You may have heard that HSPs attract narcissists. But the term “narcissist” gets thrown around a lot–what does it actually mean? And why are sensitive people (and empaths) drawn to them (and vice versa)?
To answer these questions, I interviewed Nikki Eisenhauer, a licensed professional counselor, life coach, and Highly Sensitive Person. (The information here is a summary of this podcast episode about narcissists, and we touch on sociopaths. too.)
Before we get into it, a note:
People are multi-dimensional and complex. There are people who completely fit the narcissistic personality type or sociopathic antisocial personality type, but there are plenty who fit on a continuum. They might not fit 100% of the personality disorder, but they have a lot of the traits. I’d be easy if we could simplify someone as being “bad” or “good”, but that’s not the way it works.
What is a narcissist?
According to Mayo Clinic, a narcissist may:
- come across as conceited, boastful or pretentious.
- monopolize conversations.
- belittle or look down on people they perceive as inferior.
- feel a sense of entitlement. When they don’t receive special treatment, they may become impatient or angry.
- insist on having “the best” of everything — for instance, the best car, athletic club, or medical care.
- have trouble handling anything that may be perceived as criticism.
- have secret feelings of insecurity, shame, vulnerability and humiliation. To feel better, they may react with rage or contempt and try to belittle other people to make yourself appear superior.
Sociopaths are often talked about in conjunction with narcissists. A sociopathic antisocial personality is someone who goes against the basic norms of our culture, hence, antisocial. To be social—part of a thriving, social society, means that we need to respect each other. So, an anti-social sociopathic personality does not respect the other people in the tribe. (Note: This is not meant to be an exhaustive definition of sociopaths. Read the DSM-5 definition.)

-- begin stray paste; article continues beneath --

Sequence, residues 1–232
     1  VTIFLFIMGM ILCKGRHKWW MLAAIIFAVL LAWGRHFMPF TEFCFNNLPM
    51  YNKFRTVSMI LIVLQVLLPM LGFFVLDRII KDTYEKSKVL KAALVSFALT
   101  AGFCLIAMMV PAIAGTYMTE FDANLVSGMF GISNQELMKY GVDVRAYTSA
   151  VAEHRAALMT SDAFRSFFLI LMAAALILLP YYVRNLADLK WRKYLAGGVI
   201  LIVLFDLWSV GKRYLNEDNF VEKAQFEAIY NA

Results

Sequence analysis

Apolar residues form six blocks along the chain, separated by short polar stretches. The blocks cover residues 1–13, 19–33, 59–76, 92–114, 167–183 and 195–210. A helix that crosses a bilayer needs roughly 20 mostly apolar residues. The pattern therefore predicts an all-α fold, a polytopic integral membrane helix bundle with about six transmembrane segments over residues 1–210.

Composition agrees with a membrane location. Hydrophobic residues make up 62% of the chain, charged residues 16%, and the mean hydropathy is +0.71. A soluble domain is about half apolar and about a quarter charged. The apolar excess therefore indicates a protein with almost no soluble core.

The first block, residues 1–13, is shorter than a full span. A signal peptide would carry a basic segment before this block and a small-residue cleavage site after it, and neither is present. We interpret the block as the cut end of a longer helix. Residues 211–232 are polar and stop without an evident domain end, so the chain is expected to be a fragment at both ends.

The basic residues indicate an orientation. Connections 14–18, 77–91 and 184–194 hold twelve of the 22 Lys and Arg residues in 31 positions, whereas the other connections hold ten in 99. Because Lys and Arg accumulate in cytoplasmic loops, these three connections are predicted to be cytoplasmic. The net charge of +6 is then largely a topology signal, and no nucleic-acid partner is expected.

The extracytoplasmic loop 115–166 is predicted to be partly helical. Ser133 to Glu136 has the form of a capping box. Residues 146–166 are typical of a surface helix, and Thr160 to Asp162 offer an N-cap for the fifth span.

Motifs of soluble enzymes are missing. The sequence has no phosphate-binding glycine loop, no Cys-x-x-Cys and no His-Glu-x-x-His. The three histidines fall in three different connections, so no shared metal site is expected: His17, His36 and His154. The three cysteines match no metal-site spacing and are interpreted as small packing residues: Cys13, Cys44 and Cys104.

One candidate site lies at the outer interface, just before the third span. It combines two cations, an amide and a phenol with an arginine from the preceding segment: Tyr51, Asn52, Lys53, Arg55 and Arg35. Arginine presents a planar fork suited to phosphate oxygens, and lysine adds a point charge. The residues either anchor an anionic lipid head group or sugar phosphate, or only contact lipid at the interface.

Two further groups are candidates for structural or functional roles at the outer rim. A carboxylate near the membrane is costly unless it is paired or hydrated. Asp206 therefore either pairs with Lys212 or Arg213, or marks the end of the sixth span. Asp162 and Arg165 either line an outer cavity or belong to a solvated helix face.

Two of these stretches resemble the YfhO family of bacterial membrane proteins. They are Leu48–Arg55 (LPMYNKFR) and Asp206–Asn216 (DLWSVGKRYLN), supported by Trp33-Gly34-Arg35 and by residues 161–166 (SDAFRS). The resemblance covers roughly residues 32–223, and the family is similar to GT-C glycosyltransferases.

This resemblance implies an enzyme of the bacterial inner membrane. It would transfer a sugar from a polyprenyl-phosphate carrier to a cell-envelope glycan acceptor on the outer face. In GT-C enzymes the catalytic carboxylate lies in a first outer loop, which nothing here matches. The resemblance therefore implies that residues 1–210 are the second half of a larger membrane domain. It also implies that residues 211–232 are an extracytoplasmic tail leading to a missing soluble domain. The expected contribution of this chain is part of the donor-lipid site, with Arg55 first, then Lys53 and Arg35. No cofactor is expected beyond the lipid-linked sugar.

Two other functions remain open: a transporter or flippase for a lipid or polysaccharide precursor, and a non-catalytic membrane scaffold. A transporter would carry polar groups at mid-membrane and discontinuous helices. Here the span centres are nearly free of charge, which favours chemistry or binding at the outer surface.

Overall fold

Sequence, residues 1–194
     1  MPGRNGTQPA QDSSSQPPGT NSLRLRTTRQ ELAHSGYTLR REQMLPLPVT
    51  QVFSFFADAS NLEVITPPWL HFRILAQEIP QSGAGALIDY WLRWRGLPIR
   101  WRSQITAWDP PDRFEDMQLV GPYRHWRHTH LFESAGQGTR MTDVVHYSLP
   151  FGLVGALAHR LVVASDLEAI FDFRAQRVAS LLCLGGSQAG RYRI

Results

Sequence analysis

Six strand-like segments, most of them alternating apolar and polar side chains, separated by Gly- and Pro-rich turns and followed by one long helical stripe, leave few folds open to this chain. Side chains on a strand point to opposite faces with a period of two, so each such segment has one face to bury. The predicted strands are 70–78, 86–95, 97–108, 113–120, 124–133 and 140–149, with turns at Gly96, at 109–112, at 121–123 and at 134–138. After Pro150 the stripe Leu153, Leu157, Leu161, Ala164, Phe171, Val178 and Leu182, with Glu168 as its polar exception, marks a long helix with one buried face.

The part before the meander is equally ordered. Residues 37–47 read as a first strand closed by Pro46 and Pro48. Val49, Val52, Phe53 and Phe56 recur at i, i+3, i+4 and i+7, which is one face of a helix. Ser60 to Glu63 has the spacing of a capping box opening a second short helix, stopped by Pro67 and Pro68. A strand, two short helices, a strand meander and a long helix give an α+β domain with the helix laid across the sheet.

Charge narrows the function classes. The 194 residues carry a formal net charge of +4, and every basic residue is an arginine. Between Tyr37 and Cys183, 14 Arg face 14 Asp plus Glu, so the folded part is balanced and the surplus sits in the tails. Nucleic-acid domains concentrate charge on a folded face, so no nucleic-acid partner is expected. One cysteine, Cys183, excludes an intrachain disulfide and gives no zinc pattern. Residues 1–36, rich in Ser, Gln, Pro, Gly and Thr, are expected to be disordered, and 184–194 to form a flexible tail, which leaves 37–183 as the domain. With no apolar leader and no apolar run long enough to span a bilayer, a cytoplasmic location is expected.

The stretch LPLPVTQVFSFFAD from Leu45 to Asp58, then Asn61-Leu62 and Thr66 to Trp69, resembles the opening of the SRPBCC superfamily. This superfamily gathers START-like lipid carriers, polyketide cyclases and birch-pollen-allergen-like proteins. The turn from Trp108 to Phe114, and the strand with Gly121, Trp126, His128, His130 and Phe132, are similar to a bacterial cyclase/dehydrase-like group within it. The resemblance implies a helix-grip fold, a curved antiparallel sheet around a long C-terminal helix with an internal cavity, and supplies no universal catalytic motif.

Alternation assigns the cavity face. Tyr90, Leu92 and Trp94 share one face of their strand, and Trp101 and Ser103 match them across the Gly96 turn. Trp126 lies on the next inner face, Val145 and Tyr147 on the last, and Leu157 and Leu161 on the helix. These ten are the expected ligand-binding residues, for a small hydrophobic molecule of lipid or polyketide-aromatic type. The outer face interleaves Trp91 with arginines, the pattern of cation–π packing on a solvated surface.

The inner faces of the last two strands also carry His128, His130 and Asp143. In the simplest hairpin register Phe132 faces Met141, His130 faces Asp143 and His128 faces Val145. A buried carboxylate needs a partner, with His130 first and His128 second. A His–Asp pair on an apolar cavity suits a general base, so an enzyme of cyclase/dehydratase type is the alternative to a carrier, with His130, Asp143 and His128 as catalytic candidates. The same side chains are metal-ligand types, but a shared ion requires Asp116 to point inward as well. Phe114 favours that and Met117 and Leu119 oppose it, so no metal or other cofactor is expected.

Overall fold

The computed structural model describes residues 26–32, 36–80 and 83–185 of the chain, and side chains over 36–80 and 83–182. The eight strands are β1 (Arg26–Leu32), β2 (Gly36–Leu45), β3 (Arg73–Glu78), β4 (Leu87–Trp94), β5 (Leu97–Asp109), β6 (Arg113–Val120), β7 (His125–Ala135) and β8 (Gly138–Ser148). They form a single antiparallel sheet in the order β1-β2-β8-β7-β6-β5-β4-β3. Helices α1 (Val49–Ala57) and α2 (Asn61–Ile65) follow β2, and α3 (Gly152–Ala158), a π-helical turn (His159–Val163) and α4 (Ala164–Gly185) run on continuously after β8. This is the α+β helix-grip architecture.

This is a great little video explaining narcissism.
Narcissists are charming and charismatic. They have a lot of grandiose ideas and big visions–they like to take credit for work. They tend to be very self-serving and lack empathy.
You may realize that this sounds like the opposite of a highly sensitive person. This may be exactly why HSPs and narcissists are attracted to each other. HSPs, who feel so much empathy, might be the opposites for narcissistic personality, who don’t feel empathy.
Narcissists are all about themselves. If they think of themselves as all-knowing, then they don’t need self-reflection. It’s also why they often don’t seek therapy or counseling, even if they have a lot of interpersonal issues, because they don’t think they are the problem–everyone else is the problem. In their mind, they’re absolutely fine the way they are.
Also, not every sociopath is a narcissist. Not every narcissist is a sociopath.
The difference between narcissists and sociopaths
One of the main differences between narcissists and sociopaths is that, for the most part, a sociopath is more manipulative. A narcissist is unaware of their effect on others; they’re so self-absorbed that they don’t really pay attention to the fact that their behavior is having an effect on other people. The sociopath will engage you to talk about you; they’re more skilled at manipulating.
Take the example of serial killers (most of whom are sociopaths or narcissists). Without the “charm” that makes people comfortable at first, they can’t to do the harm they have planned. Now, a serial killer is way far on the extreme–it’s as extreme as you can get on the scale–but there are lots of different ways that this shows up in a non-violent way.
If you make a narcissist or sociopath angry–and by setting boundaries, you probably will–the narcissist might lash out at you and bully you, but a sociopath might play the long game. That’s creepy and scary, but something to be aware of. If you sense that a person is doing that to you, it can feel crazy. We don’t want to think that someone is manipulating us on such a grand scale, but it happens all the time. So, just know that if you’re sensing that, it really may be happening. You might not ever be able to put your finger on it, you might never be able to get the evidence that tells you that it’s really happening–but consider that your intuition might be the most information and evidence that you need.
Why do HSPs and narcissists attract each other?
Highly sensitive people and empaths offer what is called “narcissistic supply”. A narcissist craves being perceived highly by others. And HSPs have so much empathy that they can give a lot of space to the narcissistic personality, without realizing it. HSPs may accept a narcissist’s behavior and be less critical of it than others might.